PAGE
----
Joseph Evans, a Catholic priest, turns a spotlight on religion’s potential for harm as well as good and dares to think the unthinkable – that not all religions are a positive force in society.
Earlier this month Adamah Media published an article about the misuse of religion for political ends. Its basic argument was that populist leaders are all too quick to jump on a religious bandwagon when it suits them, brandishing Bibles or Qurans in photo opportunities, or issuing dire threats of invasion by a feared ethnic-religious “other” which only voting for them can prevent.
Religion can be used to foster internal nationalism (the efforts in this regard by Trump in the USA, Erdogan in Turkey, and Modi in India were given as examples) or to forge transnational alliances and movements (such as contemporary attempts to foster a radical sense of Islamic brotherhood).
But just when the article looked like it might become a simplistic rant against religion (or at least its political misuse), the authors added two subtle and profound considerations.
The first was to point out that populists seek to tap the religious sentiment of their people precisely because these sentiments run so deep. The very abuse of faith is an expression of how strong a hold religion has on people. And as it is still a force to be reckoned with – the authors talked of “religion’s mobilising power” – politicians do everything they can to harness it for their own ends.
And this led to the second point: the depth of this religious feeling gives the lie to the Western secular liberal conviction, almost presumption, that religion is a regressive force, “an intrinsically anti-modern and anti-pluralist phenomenon”, which is in terminal decline in advanced industrialized societies.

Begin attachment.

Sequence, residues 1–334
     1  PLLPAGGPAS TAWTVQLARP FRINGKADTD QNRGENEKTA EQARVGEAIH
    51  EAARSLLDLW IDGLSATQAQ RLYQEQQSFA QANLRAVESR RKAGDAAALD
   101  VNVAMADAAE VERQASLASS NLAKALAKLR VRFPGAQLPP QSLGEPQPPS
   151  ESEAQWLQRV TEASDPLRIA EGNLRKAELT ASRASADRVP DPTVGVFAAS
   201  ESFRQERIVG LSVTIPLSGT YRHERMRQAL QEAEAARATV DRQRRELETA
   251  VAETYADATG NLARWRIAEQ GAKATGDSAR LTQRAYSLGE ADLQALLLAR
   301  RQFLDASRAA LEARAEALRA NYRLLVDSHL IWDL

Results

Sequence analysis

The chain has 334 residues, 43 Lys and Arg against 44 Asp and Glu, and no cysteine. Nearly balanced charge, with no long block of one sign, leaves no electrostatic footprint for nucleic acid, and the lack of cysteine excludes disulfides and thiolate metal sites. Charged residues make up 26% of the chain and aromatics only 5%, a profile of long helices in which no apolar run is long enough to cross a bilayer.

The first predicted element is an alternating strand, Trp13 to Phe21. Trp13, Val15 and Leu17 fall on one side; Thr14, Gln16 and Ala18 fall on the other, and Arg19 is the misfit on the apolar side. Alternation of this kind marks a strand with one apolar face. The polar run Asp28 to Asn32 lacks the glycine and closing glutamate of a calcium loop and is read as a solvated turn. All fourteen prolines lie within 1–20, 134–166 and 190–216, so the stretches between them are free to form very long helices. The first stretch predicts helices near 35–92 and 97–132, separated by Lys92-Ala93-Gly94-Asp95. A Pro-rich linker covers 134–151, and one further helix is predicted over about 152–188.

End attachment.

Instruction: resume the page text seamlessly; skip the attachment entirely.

In brief, the article argued, secularists thought that religion would disappear in our age of enlightened reason. But the very abuse of religion for political ends proves how wrong they were, showing what a powerful force faith continues to be in the world.
One might think that I, as a Catholic priest, would be happy with this. Religion is alive and kicking and its misuse for political ends only proves – against secular gainsay – its inherent vitality.
Well, I’m not happy and mainly because of the article’s final sentence: “The problem is not religion per se but its post-modern appropriation in an age of anxiety.”
I have nothing against this sentence – per se. I consider it correct as far as it goes. What concerns me is the assumption behind it – perhaps not the assumption of the authors themselves, who showed themselves in their article to be far too clever as to fall into trite simplifications, but the likely assumption of many reading it.
What worries me is how I suspect many people – either believers themselves or at least sympathetic to belief – will understand and take this, and what they actually do think, full of good will but equally full of a naïve optimism which does no service either to the modern world or to religion itself.